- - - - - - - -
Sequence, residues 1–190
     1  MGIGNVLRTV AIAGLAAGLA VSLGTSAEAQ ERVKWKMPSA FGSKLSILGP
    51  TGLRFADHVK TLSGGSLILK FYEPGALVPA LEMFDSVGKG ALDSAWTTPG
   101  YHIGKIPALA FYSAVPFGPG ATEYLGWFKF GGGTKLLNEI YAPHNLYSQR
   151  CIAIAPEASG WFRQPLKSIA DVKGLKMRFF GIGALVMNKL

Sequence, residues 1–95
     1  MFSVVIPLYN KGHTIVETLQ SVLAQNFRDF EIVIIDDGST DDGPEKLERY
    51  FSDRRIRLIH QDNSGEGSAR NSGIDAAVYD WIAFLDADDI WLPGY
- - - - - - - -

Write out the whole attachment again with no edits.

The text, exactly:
Sequence, residues 1–190
     1  MGIGNVLRTV AIAGLAAGLA VSLGTSAEAQ ERVKWKMPSA FGSKLSILGP
    51  TGLRFADHVK TLSGGSLILK FYEPGALVPA LEMFDSVGKG ALDSAWTTPG
   101  YHIGKIPALA FYSAVPFGPG ATEYLGWFKF GGGTKLLNEI YAPHNLYSQR
   151  CIAIAPEASG WFRQPLKSIA DVKGLKMRFF GIGALVMNKL

Sequence, residues 1–95
     1  MFSVVIPLYN KGHTIVETLQ SVLAQNFRDF EIVIIDDGST DDGPEKLERY
    51  FSDRRIRLIH QDNSGEGSAR NSGIDAAVYD WIAFLDADDI WLPGY